- Cherry – Mild smoke with a subtly sweet finish.
- Peach – Medium smoke with a woody and sweet finish.
What’s the best wood for smoking pork shoulder?
For pork shoulder or any other pork cut, except for pork ribs, the following types of wood are recommended:
- Beech Wood – Mild smoke that has a nutty finish.
- Alder – Mild smoke that has a delicate and sweet finish.
- Pecan – Mild smoke with a sweet finish.
- Maple – Mild smoke with a sweet and subtle finish.
- Orange – Medium smoke with a tangy finish.
- Apple – Mild smoke with a fruity, sweet finish.
- Peach – Medium smoke with a woody and sweet finish.
Alternative Smoking Woods for Smoking Pork
These are lesser used hard and fruitwoods for smoking pork but can deliver very unique flavor notes.
- Lemon – mild smoke with a citrusy finish.
- Nectarine – mild smoke with a sweet finish.
- Pear – Medium smoke with a subtly sweet finish.
- Mulberry – medium smoke with a fruity and sweet finish.
- Walnut – medium smoke with a nutty finish.
- Plum – medium smoke with a fruity finish.
Can I use wood from my yard, or should I purchase smoke wood?
This is an excellent question a lot of beginners have when smoking meat. The answer is that you can not just use wood lying around your yard, even if you happen to have one of the trees mentioned above.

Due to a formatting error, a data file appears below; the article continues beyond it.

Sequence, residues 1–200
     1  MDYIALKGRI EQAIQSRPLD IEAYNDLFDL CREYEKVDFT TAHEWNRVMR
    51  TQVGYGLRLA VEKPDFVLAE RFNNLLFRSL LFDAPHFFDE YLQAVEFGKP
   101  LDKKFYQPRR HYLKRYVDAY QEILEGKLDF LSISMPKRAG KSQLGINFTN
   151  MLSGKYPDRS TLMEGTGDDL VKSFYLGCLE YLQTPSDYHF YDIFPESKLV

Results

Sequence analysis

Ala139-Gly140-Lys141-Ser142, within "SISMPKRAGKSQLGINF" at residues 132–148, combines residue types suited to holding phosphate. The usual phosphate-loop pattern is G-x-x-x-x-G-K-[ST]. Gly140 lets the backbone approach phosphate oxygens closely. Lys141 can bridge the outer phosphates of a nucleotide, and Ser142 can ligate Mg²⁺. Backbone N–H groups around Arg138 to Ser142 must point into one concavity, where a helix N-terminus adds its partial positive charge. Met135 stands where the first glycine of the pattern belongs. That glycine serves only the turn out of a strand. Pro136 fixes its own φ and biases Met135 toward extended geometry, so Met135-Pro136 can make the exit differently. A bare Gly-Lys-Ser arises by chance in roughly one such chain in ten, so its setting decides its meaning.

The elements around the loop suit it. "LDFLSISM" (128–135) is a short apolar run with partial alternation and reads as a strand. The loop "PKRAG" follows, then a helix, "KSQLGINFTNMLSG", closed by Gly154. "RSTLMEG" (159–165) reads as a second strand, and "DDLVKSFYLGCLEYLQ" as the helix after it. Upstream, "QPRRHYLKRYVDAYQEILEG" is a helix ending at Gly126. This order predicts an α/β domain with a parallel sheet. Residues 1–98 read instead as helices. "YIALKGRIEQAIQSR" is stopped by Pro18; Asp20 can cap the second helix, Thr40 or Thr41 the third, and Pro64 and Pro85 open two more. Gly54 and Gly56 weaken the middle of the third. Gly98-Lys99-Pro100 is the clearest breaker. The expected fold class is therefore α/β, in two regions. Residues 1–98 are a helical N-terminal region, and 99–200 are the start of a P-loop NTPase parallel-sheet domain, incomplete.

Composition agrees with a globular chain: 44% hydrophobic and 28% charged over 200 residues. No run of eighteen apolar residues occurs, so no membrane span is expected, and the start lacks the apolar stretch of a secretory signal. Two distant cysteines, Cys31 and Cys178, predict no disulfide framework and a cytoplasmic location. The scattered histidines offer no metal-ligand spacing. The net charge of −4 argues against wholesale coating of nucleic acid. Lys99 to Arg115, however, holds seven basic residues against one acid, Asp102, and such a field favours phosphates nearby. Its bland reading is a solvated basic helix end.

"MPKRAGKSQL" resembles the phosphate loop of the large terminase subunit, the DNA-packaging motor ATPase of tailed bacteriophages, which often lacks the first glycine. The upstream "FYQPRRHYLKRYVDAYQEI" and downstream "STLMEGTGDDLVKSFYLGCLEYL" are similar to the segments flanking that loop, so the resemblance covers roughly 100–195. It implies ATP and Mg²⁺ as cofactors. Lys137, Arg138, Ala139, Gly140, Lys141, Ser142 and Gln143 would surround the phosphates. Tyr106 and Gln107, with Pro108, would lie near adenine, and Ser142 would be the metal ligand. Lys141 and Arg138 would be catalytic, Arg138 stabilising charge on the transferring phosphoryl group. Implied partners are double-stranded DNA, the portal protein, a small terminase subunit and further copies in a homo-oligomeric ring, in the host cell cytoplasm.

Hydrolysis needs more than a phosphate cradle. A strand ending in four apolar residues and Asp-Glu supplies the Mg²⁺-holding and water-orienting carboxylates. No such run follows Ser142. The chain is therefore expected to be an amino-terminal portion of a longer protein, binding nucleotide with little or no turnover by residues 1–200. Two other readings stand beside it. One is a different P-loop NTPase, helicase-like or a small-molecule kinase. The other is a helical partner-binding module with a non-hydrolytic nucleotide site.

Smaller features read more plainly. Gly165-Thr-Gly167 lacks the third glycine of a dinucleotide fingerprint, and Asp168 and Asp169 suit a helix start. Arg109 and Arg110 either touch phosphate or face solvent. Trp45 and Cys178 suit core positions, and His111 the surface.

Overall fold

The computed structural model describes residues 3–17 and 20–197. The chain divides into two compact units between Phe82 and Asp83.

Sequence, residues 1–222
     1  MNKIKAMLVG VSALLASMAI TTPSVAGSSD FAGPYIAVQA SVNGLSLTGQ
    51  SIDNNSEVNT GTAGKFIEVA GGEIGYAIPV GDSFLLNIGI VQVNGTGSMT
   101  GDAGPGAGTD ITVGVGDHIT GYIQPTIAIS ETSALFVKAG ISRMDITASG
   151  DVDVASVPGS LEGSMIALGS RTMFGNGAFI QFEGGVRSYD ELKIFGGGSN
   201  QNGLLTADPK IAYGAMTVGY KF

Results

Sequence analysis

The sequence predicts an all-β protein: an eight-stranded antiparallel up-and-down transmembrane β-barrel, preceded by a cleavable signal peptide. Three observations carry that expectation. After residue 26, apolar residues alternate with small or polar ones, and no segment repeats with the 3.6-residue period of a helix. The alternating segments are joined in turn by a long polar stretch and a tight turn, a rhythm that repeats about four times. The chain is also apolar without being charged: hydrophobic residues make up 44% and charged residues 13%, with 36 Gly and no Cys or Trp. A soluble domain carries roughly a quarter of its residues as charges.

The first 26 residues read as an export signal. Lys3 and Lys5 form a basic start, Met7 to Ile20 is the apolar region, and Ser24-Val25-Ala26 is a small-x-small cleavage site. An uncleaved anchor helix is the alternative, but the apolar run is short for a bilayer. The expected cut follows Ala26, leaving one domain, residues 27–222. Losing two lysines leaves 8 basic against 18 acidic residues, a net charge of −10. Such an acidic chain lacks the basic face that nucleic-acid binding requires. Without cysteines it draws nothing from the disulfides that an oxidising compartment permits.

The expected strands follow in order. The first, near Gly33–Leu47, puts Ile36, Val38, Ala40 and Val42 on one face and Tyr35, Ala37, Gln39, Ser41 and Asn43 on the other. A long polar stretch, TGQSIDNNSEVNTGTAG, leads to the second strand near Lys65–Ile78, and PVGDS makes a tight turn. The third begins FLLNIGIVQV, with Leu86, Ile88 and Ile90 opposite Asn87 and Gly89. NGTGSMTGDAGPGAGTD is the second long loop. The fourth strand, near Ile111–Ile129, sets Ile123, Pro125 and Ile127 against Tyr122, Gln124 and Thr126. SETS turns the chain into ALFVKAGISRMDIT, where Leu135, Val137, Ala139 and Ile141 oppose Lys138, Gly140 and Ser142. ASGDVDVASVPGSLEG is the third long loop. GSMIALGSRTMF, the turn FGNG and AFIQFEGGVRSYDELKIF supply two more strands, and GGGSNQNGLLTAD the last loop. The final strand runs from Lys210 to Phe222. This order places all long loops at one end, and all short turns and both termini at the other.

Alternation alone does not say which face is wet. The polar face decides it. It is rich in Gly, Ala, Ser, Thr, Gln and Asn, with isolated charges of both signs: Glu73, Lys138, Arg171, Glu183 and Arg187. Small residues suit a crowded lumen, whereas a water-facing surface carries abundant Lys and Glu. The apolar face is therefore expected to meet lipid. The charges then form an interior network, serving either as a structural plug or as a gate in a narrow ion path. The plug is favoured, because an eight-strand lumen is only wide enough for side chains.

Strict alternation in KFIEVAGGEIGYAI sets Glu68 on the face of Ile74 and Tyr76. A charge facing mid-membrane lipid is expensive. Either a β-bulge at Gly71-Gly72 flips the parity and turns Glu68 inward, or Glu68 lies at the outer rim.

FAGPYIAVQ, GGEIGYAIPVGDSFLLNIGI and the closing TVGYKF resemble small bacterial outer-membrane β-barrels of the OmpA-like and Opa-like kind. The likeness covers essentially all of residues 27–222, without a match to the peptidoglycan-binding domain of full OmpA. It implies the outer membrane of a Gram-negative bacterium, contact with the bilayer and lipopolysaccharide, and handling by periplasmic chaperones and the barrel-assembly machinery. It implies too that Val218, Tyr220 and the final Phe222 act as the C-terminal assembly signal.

Wood has to be dried with a certain low percentage of moisture to be suitable for smoking; otherwise, with too much moisture, the wood will not burn correctly, leaving your food with a nasty flavor. You can dry your own smoking wood at home. Otherwise, it’s probably best to buy it. Here are some examples of bestselling wood from Amazon.
- Hickory wood chunks
- Rich subtly Sweet flavor
- Great for poultry, pork & beef
- 350 cu. in. (0.006 m^3) sized bag
- Contains most popular flavors- Apple, Mesquite, Hickory, and Cherry
- 180 in cu of chips in each bag
- Works with electric and gas grills
- Great way to try new flavors or convenietly replenish your favorites
- Made in the USA
- Oklahoma Joe's hickory wood chunks are the best way to get a long last burn in the cooker and to infuse great taste into meats
- For use with smokers and charcoal grills to add flavor over a long period of time
- Ideal for smoking meats, poultry, vegetables and fish
- Made of all natural wood chunks
- Subtle Sweet flavor
- Chip size pieces
- Two pound bag
- 192 cu. in. (0.003 m^3) sized bag
- Naturally cured, and locally sourced, our smoking logs allow you to get serious about grilling and smoking meat on your favorite smoker or grill. Smoking meat wood is different than fireplace, pizza oven, or even campfire wood since the goal is flavor, not quick combustion, and high heat